1983 On March 14, Lazarus House opened a 5-bed emergency shelter on Holly Street and begins an advocacy program.
1984 The Good Shepherd Thrift Store, the first of three thrift stores opened.
1986 The Good Shepherd Soup Kitchen started serving breakfast and lunch.
1987 The St. Martin Food Pantry began providing groceries to the community.
1988 The Marcellin Champagnet Pre-school was added to the Good Shepherd Center and ran until 2005 when the state began providing pre-school services to children of low-income parents.
1991 St. Martin de Tours, the second thrift store opened.
1992 A free medical clinic was established with the help of the Greater Lawrence Family Health Center.
1993 Bridget Shaheen stepped in as Executive Director. A Ministry to assist homeless people living with HIV/AIDS was established and two homes were opened, one for eight single individuals and a duplex for families. A devastating fire destroyed the building which houses the St. Martin de Tours Thrift Store. A larger building became available at 121 Essex Street where the thrift store is currently located.
1997 The third thrift store, St. Francis and St. Clare, opened to serve the people of South Lawrence.
1998 A job training and ESL program was created along with SPARK*L.E Cleaning Company to offer education and work preparation training.
2000 The first Hike for Hope took place. The 5-mile pledge walk at Merrimack College raised funds for a future transitional housing program.
2007 In October, the Transitional Housing program at Capernaum Place opened, offering families and individuals with disabilities, a single, two or three-bedroom apartment in a 20 unit building.
2008 The Lebanese-American Awareness Association building at 242 Hampshire Street was purchased with plans to house a new food pantry. Funds to purchase the facility were provided, in large part, by the Hunger Strikers, a group of marathon runners who raised money by running the Boston Marathon several years in a row.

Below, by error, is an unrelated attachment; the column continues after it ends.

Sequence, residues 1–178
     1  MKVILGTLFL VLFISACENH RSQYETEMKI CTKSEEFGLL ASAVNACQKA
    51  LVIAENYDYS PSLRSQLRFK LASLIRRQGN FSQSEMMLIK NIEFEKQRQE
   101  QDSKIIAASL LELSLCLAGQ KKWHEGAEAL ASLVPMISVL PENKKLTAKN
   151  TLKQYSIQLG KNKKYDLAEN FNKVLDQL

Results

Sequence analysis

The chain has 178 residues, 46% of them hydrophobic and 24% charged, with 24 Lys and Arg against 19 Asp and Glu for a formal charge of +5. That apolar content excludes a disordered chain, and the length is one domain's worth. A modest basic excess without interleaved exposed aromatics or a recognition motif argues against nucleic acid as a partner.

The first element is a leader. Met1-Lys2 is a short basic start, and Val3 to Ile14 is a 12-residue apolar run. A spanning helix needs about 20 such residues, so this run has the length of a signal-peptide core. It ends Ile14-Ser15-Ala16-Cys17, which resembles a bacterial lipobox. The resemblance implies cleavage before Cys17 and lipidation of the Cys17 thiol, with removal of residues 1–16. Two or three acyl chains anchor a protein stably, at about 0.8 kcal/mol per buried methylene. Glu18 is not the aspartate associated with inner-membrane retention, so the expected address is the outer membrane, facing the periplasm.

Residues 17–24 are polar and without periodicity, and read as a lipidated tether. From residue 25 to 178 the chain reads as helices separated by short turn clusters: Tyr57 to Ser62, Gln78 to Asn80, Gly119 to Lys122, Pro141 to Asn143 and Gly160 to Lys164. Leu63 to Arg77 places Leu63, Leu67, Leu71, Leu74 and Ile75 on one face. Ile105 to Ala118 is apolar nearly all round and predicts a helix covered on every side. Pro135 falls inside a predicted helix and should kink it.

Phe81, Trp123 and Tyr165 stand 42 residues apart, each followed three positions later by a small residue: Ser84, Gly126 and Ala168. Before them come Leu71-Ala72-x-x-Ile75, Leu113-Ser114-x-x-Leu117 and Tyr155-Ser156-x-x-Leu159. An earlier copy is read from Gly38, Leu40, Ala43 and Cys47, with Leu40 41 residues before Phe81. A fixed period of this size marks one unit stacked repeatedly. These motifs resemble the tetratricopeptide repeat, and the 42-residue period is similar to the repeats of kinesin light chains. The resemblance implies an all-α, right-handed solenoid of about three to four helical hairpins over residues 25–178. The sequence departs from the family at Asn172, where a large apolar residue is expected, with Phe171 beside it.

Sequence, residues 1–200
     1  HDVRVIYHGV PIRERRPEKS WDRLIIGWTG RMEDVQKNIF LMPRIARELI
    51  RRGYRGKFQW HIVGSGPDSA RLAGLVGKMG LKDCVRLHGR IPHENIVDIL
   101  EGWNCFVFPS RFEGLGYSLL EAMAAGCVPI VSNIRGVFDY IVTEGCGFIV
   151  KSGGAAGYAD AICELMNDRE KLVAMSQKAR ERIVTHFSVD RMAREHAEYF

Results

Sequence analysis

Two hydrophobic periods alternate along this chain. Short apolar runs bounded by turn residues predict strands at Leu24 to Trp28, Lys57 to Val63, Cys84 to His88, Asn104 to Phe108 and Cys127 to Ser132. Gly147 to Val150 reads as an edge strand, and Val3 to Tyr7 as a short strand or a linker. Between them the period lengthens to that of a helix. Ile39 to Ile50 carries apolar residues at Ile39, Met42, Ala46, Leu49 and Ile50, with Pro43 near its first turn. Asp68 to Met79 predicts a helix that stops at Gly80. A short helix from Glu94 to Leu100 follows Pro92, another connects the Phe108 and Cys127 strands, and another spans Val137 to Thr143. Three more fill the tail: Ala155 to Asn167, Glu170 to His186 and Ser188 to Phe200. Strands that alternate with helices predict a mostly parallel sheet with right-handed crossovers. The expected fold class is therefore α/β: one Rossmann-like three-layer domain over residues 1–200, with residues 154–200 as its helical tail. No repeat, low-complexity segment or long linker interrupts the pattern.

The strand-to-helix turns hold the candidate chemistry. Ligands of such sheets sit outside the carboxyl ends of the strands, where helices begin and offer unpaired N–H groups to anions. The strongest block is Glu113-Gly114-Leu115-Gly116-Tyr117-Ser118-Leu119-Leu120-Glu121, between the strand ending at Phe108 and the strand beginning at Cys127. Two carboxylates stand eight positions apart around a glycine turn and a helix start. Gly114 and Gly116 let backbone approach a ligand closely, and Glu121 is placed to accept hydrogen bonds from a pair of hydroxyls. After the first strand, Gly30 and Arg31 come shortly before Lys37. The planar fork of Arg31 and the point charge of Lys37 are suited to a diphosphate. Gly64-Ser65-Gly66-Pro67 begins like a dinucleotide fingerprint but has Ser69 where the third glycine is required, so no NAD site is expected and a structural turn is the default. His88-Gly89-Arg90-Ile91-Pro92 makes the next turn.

2010 The St. Martha’s food pantry opened in the new St. Claire’s building at 242 Hampshire Street in May. The renovations took less than two years and included raising funds to purchase a walk-in refrigerator and freezer, a conveyor belt and a lift to better serve the elderly and people with disabilities. At the new pantry, people are able to regain their dignity by “shopping” in a supermarket environment. In September, a new Culinary Training work preparation program kicked off with a full class of students.
2011 The growing numbers of people in poverty living in the Merrimack Valley pushed the scope of need and services to unforeseen levels. Our Food Pantry reached a record high number of people averaging 537 families per week and the shelters, housing and other food services were filled to capacity.
The first culinary trainees completed their ESL classes, their paid internships at six local restaurants and passed the National ServSafe Certification exam. All participants were hired full time with benefits at the establishments where they interned.
2012 The numbers of people in need continued to increase dramatically. In Fiscal Year 2012, the food pantry alone averaged 720 families (more than 2,880 people) that received food each week. This is in addition to the hundreds of people that came to the soup kitchen, were served by the thrift stores or were sheltered in our housing on a daily basis.